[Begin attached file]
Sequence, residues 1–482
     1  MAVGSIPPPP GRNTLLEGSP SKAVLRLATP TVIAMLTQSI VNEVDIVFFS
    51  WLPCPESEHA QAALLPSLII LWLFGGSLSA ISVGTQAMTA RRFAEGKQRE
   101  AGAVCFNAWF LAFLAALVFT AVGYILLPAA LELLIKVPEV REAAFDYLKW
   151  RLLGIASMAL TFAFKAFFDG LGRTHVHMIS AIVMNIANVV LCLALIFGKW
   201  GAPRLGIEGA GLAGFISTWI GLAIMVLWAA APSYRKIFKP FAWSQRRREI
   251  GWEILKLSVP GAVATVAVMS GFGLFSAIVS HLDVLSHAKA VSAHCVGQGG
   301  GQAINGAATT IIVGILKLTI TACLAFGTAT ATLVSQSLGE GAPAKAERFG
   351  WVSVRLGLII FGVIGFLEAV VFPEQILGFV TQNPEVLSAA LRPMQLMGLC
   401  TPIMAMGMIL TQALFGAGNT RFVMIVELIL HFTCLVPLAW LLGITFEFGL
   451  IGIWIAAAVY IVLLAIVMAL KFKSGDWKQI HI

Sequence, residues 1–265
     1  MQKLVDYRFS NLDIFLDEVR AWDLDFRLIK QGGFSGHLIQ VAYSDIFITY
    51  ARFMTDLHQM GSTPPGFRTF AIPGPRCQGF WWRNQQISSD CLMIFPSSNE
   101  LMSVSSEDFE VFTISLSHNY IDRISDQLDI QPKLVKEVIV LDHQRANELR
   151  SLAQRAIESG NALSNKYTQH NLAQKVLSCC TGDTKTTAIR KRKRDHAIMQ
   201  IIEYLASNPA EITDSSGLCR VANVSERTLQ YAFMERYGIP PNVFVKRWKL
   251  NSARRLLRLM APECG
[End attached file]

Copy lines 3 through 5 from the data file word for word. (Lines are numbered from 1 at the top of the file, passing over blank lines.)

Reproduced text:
    51  WLPCPESEHA QAALLPSLII LWLFGGSLSA ISVGTQAMTA RRFAEGKQRE
   101  AGAVCFNAWF LAFLAALVFT AVGYILLPAA LELLIKVPEV REAAFDYLKW
   151  RLLGIASMAL TFAFKAFFDG LGRTHVHMIS AIVMNIANVV LCLALIFGKW